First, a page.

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LwnmwrMan22
03-29-2008, 06:20 PM
Landscaper is going to jail (6 months, maybe) for billing companies for work at private residences.

There's a couple of people mentioned in the story that are involved in the post I had last week "would you walk away from this account?".

http://www.twincities.com/localnews/ci_8734986?nclick_check=1

LIBERTYLANDSCAPING
03-29-2008, 06:30 PM
Link doesn't work????

LwnmwrMan22
03-29-2008, 06:40 PM
Link doesn't work????

Landscaper admits guilt in scheme

The landscaper to the Twin Cities' elite pleaded guilty in federal court Friday to a charge that he helped some clients evade paying more than $80,000 in taxes.

With short, direct answers to questions from a judge and prosecutor, Luther Hochradel, 60, the former owner of Windsor Landscaping of Maplewood, admitted in court that he was involved in the scheme over a four-year period.

The scheme was simple: Windsor did landscaping work at the homes of some high-powered executives, then provided fraudulent invoices so the executives could bill the work to their companies or even to their clients.

Federal investigators say some Windsor customers who benefited from the scheme included former UnitedHealth Group CEO Bill McGuire; William and Ross Sandison, the CEO and president, respectively, of Community National Bank; and Gary Hook, a former executive vice president of Kraus-Anderson Cos., a major construction company.

Hochradel is the only one who has been charged.

Lawyers for the Sandisons have said the bankers paid for the landscaping and did nothing wrong. McGuire's attorney has said his client did nothing wrong. Previously, Hook's lawyer declined to comment. On Friday evening, he could not be reached.

In a plea bargain with the U.S. attorney's office, Hochradel pleaded guilty to a single charge of "misprison of a felony." In lay terms, he knew a crime was being committed, concealed it and "did not as soon as possible make known the same to some judge or other person in civil or military authority," the charge against him reads.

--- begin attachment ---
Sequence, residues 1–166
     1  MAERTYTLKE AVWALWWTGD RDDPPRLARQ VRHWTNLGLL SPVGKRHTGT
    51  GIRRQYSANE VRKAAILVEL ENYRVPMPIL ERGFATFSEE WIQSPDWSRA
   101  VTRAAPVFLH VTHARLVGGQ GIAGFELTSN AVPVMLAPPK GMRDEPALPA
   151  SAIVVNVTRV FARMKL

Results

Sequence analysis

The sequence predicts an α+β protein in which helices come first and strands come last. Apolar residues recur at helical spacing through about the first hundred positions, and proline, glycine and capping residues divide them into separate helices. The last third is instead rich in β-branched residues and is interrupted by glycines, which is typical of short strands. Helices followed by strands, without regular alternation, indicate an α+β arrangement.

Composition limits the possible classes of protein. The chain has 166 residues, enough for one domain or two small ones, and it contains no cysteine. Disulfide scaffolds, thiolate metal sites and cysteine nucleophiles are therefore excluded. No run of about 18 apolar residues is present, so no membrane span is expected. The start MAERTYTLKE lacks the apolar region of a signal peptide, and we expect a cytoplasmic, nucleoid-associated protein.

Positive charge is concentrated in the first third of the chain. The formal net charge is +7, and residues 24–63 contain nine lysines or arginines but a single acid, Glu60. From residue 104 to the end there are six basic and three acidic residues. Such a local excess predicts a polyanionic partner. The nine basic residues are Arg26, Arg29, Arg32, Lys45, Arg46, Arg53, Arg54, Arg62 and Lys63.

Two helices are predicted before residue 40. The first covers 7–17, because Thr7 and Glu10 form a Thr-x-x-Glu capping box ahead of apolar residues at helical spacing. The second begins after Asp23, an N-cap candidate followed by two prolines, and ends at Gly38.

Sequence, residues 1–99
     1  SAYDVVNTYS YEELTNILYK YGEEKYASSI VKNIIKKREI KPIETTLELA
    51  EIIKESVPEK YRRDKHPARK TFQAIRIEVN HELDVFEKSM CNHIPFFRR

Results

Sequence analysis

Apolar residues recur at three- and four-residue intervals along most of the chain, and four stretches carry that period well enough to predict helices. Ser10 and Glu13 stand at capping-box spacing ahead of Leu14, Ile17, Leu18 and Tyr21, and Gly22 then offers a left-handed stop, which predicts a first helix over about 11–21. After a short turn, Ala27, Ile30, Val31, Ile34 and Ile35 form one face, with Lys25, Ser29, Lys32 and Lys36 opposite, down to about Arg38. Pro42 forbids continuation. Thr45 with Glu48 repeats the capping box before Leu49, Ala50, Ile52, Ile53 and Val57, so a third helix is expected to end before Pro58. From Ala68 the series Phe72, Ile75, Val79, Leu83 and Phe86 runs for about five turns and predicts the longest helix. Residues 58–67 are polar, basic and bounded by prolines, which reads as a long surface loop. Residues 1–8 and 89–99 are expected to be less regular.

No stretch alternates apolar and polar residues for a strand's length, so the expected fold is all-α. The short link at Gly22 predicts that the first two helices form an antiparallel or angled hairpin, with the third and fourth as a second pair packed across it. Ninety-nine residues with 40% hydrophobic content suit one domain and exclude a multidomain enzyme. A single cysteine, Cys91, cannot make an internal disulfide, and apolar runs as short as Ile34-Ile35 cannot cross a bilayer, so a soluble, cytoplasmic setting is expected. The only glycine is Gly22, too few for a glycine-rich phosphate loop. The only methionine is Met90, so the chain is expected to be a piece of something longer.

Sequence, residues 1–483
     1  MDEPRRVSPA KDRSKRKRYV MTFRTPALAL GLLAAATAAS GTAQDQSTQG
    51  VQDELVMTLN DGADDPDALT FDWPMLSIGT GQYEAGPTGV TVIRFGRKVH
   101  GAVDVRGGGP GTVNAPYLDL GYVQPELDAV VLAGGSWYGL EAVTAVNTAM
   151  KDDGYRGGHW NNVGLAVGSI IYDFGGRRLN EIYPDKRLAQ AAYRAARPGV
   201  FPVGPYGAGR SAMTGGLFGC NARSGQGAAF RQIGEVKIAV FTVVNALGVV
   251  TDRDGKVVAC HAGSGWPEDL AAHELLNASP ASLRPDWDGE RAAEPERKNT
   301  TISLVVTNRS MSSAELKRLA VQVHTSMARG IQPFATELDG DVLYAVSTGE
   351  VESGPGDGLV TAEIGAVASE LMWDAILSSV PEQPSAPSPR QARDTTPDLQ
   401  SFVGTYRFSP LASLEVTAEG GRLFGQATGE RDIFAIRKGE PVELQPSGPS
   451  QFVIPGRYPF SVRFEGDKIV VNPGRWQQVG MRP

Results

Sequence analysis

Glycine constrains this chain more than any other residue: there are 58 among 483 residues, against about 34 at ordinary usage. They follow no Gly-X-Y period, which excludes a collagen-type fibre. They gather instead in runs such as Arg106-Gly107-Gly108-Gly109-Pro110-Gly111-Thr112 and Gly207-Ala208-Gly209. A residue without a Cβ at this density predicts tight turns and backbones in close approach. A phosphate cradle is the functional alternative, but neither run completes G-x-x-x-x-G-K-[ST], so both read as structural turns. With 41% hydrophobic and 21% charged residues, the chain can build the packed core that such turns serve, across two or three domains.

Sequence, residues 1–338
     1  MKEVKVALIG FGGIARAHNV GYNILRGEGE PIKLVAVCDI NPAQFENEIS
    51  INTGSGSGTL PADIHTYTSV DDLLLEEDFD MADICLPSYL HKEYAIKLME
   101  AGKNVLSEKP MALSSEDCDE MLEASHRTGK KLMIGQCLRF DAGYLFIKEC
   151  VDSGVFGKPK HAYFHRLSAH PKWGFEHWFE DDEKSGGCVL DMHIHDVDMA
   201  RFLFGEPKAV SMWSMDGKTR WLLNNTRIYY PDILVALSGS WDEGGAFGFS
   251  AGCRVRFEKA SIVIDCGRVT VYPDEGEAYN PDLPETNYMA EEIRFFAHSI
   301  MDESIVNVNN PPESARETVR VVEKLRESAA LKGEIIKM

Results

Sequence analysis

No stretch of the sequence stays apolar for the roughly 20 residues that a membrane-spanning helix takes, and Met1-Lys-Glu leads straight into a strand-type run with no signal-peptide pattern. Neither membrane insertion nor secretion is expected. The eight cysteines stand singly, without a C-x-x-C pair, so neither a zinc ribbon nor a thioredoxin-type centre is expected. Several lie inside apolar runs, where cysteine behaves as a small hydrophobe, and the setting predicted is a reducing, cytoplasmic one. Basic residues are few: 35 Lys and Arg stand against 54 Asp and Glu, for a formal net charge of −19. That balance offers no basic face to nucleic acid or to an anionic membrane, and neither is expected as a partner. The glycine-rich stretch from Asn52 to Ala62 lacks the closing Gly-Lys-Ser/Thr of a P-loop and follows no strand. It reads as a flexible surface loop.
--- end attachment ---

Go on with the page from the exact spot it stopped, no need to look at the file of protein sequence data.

Hochradel is a member of the Dellwood Country Club and, wearing a dark suit and shirt with no tie, and standing 6-foot-5, he was the tallest person in the courtroom of U.S. District Judge Joan N. Ericksen. To assure herself that Hochradel knew what he was pleading to, the judge asked him a number of questions, to which he quickly replied, "Yes, your honor," or "No, your honor" or "I do."

He paused only when she asked him if he'd had any alcohol to drink in the previous 24 hours. He said he hadn't.

"You didn't have a beer last night?" Ericksen asked.

Hochradel said he didn't but that he had had to stop and think about it.

"Did anybody force you to commit the crime?" she asked.

"No, your honor," he replied.

The one-page charge against Hochradel provides few details of the crime. But a 10-page affidavit filed by a federal postal inspector, Mary Agnew, details a number of the allegations. The investigation started by happenstance: Federal authorities were looking into possible mail fraud involving a development known as Ramsey Town Center when they came across questionable landscaping invoices in the records of the development's financier, Community National Bank of North Branch.

In her affidavit, Agnew said that when authorities questioned Hochradel, he denied ever doing work at a private residence and then billing it to a business.

But among those claiming the opposite was Brandi Werra, a Windsor employee who also happened to be the daughter of Laurie Vadnais-Hochradel, who was then Hochradel's estranged wife. According to Agnew's affidavit, "Werra was aware of personal work done by Windsor Companies at personal homes, including the residences of some Kraus-Anderson Midwest executives, which work was then billed to other jobs."

Among them was the Woodbury home of Hook, who is no longer with the company.

"The Windsor invoices for the work done at Hook's residence were printed up and put into other Kraus-Anderson landscape jobs," Agnew claimed.